By Nicole Fabricant, author of Fighting to Breath: Race, Toxicity, and the Rise of Youth Activism in Baltimore
My work as an activist anthropologist has evolved out of a desire to combine my commitment to scholarship with creating mutual aid, support systems, and resources for poor people. I grew up in Elizabeth New Jersey—a working class and first generation Latinx community— which shaped the evolution of my commitment to social justice. In my most recent book Fighting to Breathe, I track the experiences of growing up in Elizabeth surrounded by factories and industrial pollution. The present story-telling is in a constant conversation with what Elizabeth taught me about deeply feeling my race (white) and my class (middle). My parents sent me to public schools. The schools were too often academically limited, while at the same time, teaching me outside the classroom about structural inequality and the importance of building allegiances across race, class, ethnic, and gendered difference. All my childhood friends migrated to the United States from Latin America. Their parents worked manual labor jobs inside factories to give their children opportunities they missed. My first encounters with the violence and brutality of low wage labor happened inside the homes of my dear friends when speaking with their parents.
My journey into academia and into anthropology has always been intertwined with my Elizabeth roots. I have worked recently at a public university to inspire young people from similar communities to think critically while becoming engaged in movement work. Teaching anthropology at Towson university in Maryland with first generation college students, similar to so many of my high school friends better enabled me to find the language and stories to to understand systems of inequality and how we are all entangled in these structures.
When I moved to Baltimore in summer of 2011, I immediately found Free Your Voice (a youth movement in South Baltimore fighting for environmental justice).. These tireless and often brave high school students were evolving a campaign to oppose the intention to build the nation’s largest trash to energy incinerator one mile from their highschool in an already overburdened community. In the beginning, I folded myself into their daily organizing work, chauffeuring students to events and protests and supporting their work whenever I saw opportunities to amplify their voices. I have seen and been a part of the their shifting from a reactive to proactive campaign—from stopping one polluting industry to redefining development and land use when working in communities under attack. Like my parents, I was never satisfied with a model of scholarship that stayed close to the political sidelines; I also understood that risk was central to my larger commitments. I was a co-founding member of the South Baltimore Community Land Trust (SBCLT) which during the Covid19 pandemic claimed autonomy from The Worker Justice Center a 501 (c) (3) which was working on housing and social justice issues. We formed an accountability team to hold founders of the the Worker Justice Center accountable for abuses (racial, sexual) within the organization. It would have been easy to step aside or to say that this was something that my comrades could handle. However, witnessing such abuses inside spaces that used a language of justice impelled us through writing and organizing to hold the organization accountable, and eventually to split and create an autonomous organization. My comrades lost their jobs and healthcare during the Covid19 pandemic. I was threatened verbally and accused of being a traitor.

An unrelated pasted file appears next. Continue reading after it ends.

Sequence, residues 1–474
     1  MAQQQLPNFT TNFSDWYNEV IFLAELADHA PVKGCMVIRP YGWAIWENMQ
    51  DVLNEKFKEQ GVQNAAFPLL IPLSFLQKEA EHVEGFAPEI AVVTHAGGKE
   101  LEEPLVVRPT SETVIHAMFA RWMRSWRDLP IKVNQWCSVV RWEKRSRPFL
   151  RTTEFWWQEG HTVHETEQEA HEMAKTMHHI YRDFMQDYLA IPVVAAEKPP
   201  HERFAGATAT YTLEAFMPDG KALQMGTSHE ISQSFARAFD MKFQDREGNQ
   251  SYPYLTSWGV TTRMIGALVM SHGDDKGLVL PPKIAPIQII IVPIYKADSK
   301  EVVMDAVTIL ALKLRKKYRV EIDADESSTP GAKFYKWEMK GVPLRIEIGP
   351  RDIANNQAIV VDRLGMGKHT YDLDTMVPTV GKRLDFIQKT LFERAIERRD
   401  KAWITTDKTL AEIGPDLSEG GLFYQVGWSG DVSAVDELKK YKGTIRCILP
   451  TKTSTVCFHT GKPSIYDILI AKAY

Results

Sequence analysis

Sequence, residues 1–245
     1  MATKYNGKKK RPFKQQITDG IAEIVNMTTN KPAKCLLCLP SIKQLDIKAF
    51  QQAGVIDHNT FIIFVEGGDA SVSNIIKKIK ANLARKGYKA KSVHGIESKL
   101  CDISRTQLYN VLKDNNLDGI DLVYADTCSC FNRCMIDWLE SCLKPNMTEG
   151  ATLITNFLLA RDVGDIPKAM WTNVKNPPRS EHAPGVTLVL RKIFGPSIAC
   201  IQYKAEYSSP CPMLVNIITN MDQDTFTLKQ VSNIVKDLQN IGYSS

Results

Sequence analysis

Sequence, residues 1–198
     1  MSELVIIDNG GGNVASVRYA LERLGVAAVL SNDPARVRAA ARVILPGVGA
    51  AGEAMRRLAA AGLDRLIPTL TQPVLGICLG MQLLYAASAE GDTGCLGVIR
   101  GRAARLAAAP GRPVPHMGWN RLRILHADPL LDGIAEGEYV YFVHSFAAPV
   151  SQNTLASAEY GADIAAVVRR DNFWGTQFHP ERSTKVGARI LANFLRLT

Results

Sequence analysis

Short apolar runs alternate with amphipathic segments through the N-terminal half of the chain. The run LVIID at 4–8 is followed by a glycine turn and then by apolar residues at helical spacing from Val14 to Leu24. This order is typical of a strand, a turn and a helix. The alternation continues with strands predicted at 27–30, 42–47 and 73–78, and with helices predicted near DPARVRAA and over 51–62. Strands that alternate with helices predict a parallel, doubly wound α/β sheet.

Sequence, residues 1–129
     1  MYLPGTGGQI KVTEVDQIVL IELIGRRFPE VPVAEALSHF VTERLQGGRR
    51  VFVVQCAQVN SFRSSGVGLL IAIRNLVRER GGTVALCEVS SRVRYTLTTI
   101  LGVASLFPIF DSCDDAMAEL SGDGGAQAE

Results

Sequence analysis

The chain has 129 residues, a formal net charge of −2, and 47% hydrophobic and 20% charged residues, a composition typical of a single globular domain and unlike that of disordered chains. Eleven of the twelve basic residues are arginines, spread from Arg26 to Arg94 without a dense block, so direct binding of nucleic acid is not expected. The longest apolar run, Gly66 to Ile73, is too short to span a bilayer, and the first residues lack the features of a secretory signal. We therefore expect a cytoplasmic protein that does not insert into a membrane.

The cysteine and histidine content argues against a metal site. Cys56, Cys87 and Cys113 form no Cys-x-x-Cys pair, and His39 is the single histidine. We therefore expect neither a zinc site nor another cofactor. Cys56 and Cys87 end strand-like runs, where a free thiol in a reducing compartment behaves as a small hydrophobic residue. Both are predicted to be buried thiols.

I am an activist anthropologist. And this commitment doesn’t come from studying movements, although I have learned much from movement scholars. For me, it is about the pain of living inequality; it is about a fire inside to build and create a more just world collectively. My commitments to justice stem from my lineage. My passion stems from my connections to my father and his family and his bouts with welfare hotels and homelessness as a child.and friends from high school, and beyond who travel with me to this day. I cannot write from a distance; I cannot teach from a distance and I certainly cannot organize from a distance.
My involvement in this Baltimore-based movement is about political and justice commitments over the long haul. The stakes are higher now than ever before: we are experiencing climactic crisis and our unsustainable resource extractive system will not provide safety for anyone, even the rich. We continue to rely upon outdated models of fossil fuel extraction and petro-chemical expansion which ultimately are destroying (air, waterways, soils, and the ecosystem) and our ability to live on this planet. Our battles are about survival and the universal threat to thriving on this planet. It is not enough to write, to analyze, and to think. This is about an anthropology that sees no boundaries between the academy and the fight; the ideas and the theories that come out of a long Marxist and other political traditions that demand our involvement. And as the great Brazilian theorist of education Paulo Freire suggests we can help to remake the world by naming it. If the Left is to have any chance of building the world we want to see, it will of course take all of us risking and applying our economic and cultural capital in this political struggle. Nothing in my estimation is more important in this moment.